Machaba, Moremi Game Reserve

2 – 15 July 2001
Machaba is located on the north bank of the Khwai River in riverine forest, with its tents fronting the river across from the Moremi Game Reserve. The area is rich in game, a veritable menagerie, and the birdlife is particularly prolific. Marion especially enjoyed Machaba because of the greater bushveld ambience, and we regret not being able to spend more than one night here.

Here we met up again with Harry and Patrik from Switzerland. Harry was the only other guest willing to risk a night game walk with us, in the company of Bruce, the manager, and Clifford, the pilot. This was a new experience for us: we have done a few wilderness trails in Kruger, but always the rangers have made certain of reaching camp before nightfall – at least not on foot. But Bruce, a Zimbabwean who follows every observation with a chuckle as if life in the bush is one long, wondrous giggle, suggested a game walk under the full moon. At first we didn’t quite believe him, and when everyone realised he was serious, the group rapidly shrank in size. We got going at about ten o’clock, the sand track a dull white ribbon through the silent bush. It was exciting; the bush silent, foreboding; every sense straining. Every now and then a pair of eyes would appear and Bruce would illuminate the animal with his flashlight. We saw nothing more than a hare and an owl. But we had seen a group of five lions earlier on the game drive, including three juveniles with rather naughty faces, so the adrenaline surged at every unusual sound. Predators hunt at night, don’t they?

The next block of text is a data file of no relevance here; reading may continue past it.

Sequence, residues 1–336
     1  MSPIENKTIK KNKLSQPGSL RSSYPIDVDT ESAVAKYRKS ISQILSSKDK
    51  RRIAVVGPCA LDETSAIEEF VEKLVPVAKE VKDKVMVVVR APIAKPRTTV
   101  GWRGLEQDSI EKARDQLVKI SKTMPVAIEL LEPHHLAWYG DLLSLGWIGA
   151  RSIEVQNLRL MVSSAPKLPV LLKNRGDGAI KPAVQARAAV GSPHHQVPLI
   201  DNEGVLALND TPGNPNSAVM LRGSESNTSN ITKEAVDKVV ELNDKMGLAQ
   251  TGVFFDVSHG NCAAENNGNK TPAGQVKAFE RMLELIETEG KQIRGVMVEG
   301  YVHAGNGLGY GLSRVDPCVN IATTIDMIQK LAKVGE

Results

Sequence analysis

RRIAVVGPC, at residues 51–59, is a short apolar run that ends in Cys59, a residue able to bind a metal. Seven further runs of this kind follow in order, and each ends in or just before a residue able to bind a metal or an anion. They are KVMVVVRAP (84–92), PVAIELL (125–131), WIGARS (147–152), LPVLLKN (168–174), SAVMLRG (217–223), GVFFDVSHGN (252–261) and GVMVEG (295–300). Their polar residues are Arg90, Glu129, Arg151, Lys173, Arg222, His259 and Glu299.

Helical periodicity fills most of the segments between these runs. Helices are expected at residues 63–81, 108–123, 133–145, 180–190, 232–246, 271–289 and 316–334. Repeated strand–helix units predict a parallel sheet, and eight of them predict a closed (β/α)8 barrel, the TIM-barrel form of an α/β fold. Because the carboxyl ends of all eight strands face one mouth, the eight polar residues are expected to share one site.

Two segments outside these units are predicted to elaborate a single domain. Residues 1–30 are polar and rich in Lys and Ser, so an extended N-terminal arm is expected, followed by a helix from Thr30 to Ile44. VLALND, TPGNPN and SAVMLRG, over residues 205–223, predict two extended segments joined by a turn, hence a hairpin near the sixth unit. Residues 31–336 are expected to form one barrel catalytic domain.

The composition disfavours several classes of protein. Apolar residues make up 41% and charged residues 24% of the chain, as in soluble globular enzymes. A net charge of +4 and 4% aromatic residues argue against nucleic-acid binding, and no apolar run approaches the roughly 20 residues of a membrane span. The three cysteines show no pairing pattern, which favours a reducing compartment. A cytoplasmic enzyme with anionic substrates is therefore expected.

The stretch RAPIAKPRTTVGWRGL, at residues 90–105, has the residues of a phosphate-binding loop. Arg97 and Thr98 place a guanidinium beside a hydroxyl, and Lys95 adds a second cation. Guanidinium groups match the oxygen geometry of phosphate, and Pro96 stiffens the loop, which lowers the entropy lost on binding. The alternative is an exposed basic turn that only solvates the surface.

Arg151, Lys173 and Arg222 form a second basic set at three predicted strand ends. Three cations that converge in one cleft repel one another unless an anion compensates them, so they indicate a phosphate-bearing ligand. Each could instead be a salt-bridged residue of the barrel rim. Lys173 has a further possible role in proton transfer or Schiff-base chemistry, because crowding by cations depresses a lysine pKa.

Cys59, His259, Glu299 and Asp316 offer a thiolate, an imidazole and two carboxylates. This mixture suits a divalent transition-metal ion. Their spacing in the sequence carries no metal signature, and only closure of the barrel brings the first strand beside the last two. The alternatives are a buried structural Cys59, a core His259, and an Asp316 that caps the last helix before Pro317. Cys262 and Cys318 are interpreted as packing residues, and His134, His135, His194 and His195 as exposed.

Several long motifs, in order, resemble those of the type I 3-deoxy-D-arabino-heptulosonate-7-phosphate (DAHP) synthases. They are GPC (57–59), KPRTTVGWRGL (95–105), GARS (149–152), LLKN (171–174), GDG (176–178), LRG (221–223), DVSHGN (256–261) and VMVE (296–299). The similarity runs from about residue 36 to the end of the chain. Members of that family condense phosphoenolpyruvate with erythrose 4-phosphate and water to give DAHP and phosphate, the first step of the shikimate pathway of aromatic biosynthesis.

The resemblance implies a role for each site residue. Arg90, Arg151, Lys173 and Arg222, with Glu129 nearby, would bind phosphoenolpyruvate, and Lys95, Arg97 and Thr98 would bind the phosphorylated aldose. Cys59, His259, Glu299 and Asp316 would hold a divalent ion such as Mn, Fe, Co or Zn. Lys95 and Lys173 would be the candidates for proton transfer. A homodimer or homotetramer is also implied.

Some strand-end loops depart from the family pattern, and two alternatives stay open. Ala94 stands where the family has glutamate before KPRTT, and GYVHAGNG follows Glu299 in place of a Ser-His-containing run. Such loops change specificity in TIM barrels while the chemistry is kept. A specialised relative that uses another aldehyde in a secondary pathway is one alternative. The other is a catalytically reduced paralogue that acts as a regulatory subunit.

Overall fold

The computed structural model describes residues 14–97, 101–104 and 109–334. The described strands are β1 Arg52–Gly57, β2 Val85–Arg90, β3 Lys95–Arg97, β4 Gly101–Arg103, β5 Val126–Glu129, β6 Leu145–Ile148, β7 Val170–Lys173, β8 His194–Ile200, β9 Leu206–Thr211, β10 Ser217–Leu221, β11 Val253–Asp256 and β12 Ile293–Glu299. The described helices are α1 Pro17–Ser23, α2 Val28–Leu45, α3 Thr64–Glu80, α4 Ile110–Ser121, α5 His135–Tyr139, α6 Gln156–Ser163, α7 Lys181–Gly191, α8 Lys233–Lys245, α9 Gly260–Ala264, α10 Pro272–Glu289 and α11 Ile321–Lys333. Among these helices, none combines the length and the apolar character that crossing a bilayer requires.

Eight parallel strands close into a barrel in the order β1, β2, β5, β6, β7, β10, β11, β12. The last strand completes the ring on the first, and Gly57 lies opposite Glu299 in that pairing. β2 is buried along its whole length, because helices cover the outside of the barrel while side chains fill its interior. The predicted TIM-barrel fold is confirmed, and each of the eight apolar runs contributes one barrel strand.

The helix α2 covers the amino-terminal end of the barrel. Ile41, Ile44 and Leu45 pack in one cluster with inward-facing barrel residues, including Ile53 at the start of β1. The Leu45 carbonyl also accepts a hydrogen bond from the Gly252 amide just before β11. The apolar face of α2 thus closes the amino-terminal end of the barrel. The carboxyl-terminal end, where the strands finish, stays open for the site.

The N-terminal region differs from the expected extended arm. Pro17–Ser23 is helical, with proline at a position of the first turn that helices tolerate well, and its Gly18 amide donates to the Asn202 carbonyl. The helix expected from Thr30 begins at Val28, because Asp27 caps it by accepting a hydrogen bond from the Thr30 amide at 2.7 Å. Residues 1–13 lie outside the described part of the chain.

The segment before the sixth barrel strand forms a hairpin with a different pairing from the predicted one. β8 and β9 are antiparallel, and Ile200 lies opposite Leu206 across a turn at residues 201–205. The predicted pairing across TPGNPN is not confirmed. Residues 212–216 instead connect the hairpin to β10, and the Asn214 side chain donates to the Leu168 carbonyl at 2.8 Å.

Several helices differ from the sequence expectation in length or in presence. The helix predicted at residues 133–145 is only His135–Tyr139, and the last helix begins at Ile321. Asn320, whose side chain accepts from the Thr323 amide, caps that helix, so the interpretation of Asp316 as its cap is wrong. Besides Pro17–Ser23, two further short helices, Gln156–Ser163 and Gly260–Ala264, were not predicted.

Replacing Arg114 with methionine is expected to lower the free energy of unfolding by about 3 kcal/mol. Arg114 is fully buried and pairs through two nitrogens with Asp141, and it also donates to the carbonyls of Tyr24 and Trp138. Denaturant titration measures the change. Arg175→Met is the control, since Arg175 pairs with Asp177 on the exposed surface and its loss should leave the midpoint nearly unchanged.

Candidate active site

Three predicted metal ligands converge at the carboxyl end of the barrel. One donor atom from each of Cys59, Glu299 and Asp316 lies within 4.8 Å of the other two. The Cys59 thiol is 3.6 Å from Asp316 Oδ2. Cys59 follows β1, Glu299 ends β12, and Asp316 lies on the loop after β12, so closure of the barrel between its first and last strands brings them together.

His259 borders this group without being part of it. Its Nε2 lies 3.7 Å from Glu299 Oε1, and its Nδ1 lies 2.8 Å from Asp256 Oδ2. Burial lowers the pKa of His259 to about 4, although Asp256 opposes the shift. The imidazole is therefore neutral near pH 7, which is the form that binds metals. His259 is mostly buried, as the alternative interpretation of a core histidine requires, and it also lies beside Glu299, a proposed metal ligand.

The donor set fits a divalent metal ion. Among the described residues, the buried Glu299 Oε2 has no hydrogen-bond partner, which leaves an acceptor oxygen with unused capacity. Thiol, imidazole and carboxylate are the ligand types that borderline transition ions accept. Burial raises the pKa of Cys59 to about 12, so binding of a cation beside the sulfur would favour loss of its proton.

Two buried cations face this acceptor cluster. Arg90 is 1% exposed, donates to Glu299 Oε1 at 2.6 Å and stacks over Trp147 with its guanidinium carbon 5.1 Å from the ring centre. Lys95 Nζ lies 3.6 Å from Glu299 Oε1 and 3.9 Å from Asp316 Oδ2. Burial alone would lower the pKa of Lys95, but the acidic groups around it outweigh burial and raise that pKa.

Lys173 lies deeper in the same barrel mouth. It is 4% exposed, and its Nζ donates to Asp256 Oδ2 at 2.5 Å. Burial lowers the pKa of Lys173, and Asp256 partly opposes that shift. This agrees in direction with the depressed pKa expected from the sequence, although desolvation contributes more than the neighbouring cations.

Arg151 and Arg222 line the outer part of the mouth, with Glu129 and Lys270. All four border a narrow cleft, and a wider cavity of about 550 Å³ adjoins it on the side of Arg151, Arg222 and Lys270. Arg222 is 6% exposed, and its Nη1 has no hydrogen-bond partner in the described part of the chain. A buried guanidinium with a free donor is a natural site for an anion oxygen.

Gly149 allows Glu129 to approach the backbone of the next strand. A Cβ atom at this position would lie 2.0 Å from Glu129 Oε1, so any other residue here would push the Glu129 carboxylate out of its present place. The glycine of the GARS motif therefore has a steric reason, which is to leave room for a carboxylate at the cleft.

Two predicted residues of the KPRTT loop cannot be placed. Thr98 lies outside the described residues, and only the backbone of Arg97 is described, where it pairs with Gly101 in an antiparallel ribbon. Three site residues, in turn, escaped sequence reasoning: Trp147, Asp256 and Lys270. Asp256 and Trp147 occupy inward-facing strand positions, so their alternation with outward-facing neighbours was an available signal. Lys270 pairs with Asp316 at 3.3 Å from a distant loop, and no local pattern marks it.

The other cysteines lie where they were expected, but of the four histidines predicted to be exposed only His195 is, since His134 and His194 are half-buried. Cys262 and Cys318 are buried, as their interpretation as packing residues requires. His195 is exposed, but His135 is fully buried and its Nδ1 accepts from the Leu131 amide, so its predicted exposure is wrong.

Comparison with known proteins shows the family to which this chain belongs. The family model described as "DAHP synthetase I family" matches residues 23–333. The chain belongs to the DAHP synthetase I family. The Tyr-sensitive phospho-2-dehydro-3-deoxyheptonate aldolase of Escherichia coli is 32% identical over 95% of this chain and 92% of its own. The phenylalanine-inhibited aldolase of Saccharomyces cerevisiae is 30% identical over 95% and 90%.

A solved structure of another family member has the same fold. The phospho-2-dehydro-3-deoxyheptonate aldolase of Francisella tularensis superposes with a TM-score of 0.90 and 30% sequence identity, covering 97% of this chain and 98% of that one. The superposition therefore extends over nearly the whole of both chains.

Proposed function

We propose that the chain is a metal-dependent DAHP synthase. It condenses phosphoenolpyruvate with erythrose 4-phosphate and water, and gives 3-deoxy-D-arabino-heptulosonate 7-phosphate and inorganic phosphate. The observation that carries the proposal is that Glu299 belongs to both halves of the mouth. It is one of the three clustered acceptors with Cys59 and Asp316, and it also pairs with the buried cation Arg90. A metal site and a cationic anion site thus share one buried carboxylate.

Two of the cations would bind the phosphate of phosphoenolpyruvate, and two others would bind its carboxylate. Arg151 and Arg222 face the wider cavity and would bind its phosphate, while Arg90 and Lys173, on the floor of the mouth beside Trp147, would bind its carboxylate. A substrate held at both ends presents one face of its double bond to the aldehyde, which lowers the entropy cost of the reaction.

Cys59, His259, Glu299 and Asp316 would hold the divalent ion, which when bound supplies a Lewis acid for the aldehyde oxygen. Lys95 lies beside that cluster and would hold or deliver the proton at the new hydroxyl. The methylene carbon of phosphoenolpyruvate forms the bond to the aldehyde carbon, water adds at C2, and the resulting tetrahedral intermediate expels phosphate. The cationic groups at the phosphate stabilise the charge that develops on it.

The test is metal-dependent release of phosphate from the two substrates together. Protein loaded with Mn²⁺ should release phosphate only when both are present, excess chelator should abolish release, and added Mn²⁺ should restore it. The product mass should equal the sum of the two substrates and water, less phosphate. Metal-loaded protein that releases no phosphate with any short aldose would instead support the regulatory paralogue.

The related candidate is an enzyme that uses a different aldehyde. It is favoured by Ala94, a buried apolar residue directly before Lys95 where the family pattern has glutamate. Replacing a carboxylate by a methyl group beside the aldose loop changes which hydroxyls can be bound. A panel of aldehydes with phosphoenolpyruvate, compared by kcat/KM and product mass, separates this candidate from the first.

Lions at Machaba
Machaba fire area
Woken the next morning by the incredible diversity of bird calls, we drove to the landing strip for our flight to Kasane. This time we flew higher, out of the turbulence, and it was interesting to see the sand ridge of the Mababe Depression and the Savuti Marsh from the air. I was rather chuffed with myself at being able to recognise these features without benefit of a map, having driven through the areas in 1996.